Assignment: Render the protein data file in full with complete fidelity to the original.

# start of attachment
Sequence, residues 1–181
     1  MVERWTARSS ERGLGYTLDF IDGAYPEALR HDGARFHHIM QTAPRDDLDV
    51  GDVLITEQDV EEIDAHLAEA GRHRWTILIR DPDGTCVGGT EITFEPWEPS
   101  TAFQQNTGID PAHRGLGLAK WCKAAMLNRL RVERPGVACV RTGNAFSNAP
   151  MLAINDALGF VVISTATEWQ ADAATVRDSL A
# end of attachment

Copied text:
Sequence, residues 1–181
     1  MVERWTARSS ERGLGYTLDF IDGAYPEALR HDGARFHHIM QTAPRDDLDV
    51  GDVLITEQDV EEIDAHLAEA GRHRWTILIR DPDGTCVGGT EITFEPWEPS
   101  TAFQQNTGID PAHRGLGLAK WCKAAMLNRL RVERPGVACV RTGNAFSNAP
   151  MLAINDALGF VVISTATEWQ ADAATVRDSL A